How often do you click on a video in email? Research suggests simply putting the word “Video” in your subject line boosts open rates by 19% and click-through rates by 65%. But without some fancy compression it’s hard to send an actual video in an email. You’re either a.) going to get a bounce back that the email was too large to send or b.) you’re going to seriously clog up your recipient’s inbox.
So to avoid either of the scenarios above, you have these two options below. On the left, you’ll see an email with a link. On the right, the email looks like it has the video in it, but it’s just a link too. Which one makes you want to click?
If you’re like me, the email on the right is much more enticing. Sadly, it’s not quite as easy to craft as the email on the left, but we know you can do it! Especially when we’re walking you through it.
STEP-BY-STEP: ADDING VIDEO TO YOUR OUTLOOK EMAIL
1. Put the word “Video” in the subject line. Refer to the stat at the beginning of the blog if you’re wondering why.
2. Find an appealing thumbnail from the video. The really easy way to cheat your way through this is go to the video and play it until you get to a screen you like. Probably avoiding someone making a funny or frown-y face. Take a screen shot of that screen in your video player. I do that by holding down shift-command-4 on my computer and sizing it to fit the video player screen.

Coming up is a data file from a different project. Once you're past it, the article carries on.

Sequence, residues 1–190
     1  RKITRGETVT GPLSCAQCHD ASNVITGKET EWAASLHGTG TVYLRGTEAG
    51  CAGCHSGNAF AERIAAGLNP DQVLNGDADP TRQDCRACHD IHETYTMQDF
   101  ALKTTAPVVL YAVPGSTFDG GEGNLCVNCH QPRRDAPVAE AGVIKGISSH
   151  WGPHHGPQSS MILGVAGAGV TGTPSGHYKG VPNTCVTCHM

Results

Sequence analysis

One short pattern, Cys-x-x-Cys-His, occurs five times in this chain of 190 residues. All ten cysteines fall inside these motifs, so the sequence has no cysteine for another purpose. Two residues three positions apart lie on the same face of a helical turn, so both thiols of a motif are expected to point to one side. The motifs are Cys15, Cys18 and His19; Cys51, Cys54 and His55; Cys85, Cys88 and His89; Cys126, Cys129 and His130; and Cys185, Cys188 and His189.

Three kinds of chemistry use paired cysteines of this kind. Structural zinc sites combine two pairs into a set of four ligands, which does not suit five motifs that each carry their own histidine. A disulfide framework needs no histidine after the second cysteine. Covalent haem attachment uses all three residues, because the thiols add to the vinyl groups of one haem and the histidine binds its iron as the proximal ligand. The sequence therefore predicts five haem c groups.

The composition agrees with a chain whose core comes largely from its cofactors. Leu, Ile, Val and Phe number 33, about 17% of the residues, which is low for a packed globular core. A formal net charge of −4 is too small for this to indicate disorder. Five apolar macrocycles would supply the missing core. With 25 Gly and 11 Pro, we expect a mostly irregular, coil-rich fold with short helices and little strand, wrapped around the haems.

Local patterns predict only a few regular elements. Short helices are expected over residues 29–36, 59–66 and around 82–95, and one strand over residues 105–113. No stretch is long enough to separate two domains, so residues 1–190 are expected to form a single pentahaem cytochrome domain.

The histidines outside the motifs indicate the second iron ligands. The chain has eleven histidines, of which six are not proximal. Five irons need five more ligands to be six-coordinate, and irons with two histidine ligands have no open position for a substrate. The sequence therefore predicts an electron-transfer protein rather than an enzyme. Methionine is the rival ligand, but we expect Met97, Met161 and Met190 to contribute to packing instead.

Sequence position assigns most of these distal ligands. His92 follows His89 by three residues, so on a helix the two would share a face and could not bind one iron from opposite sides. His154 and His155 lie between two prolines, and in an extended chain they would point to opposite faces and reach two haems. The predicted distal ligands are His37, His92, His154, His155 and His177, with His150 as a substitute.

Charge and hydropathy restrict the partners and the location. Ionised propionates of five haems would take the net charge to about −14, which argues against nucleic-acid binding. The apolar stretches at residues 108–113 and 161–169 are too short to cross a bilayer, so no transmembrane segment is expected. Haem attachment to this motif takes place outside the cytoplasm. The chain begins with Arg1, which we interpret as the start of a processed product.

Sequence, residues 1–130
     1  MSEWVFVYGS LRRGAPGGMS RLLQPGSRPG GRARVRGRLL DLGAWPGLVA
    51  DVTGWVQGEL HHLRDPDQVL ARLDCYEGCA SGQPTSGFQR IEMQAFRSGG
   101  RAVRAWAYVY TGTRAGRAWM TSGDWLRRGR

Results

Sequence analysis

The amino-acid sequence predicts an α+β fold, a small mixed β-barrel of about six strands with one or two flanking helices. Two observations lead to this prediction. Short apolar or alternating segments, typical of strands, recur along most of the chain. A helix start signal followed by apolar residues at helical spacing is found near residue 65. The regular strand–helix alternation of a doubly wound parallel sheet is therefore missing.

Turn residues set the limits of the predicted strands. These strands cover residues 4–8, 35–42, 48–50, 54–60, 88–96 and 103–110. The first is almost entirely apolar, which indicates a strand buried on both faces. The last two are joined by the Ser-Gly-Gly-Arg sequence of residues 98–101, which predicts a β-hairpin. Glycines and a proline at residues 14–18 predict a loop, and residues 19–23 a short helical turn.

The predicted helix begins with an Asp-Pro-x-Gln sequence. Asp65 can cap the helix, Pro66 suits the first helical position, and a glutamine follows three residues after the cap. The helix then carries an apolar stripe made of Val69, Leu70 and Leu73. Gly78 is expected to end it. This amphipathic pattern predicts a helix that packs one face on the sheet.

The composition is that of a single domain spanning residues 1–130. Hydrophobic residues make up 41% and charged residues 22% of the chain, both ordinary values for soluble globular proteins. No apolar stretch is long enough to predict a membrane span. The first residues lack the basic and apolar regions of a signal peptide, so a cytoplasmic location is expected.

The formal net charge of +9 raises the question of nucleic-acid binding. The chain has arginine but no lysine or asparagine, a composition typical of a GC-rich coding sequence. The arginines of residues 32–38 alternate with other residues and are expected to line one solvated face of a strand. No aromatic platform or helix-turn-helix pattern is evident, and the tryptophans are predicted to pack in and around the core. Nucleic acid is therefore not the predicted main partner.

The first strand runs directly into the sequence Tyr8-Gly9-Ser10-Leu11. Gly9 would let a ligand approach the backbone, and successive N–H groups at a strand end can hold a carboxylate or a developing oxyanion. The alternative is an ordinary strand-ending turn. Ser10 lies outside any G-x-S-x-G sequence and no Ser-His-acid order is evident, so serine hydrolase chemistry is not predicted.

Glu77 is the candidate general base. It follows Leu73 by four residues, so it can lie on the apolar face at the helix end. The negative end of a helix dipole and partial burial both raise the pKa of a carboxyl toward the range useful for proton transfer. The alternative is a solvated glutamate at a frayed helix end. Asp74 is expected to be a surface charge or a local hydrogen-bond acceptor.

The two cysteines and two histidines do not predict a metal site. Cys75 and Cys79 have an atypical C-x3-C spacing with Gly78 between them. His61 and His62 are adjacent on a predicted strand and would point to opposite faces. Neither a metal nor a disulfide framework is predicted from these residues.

3. Optional Pro Tip: Superimpose a play button over the screen shot. If this seems like too much, skip this step. But if you can handle it, this will give the recipient extra motivation to click and watch.
-If you have Photoshop then you simply add the button on it’s own layer, size as necessary and you’re done.
-If you don’t have Photoshop or a similar editing solution, try Keynote or Powerpoint to layer the button over your image. Does this still sound over your head?
-If your video is in YouTube you can take a screen shot with their play button already on the image. You can also use your email blast provider like MailChimp. Insert the URL into a template then screen cap or email it to yourself.
Here’s the standard Youtube play button. Want something more custom? Google will give you a variety of options.
4. Hyperlink the image. Put that “video looking” image in your email and make it clickable. For me, that’s clicking the image and holding down command-K. Then I just paste in the URL.
5. Add the URL. To dummy-proof your email, I like to cut and paste the URL separately into the copy. Even with the play button, someone might not realize the image is clickable. A clickable URL should clear up any speck of confusion.
6. Finally, make a mention in the text to click on the video.
These 6 steps to create an email like the one on the right will take you a few minutes longer. If it gets you more click throughs and views, isn’t it worth it?
Prefer to watch our video so you can see just how it’s done? Here’s your 90-second tutorial: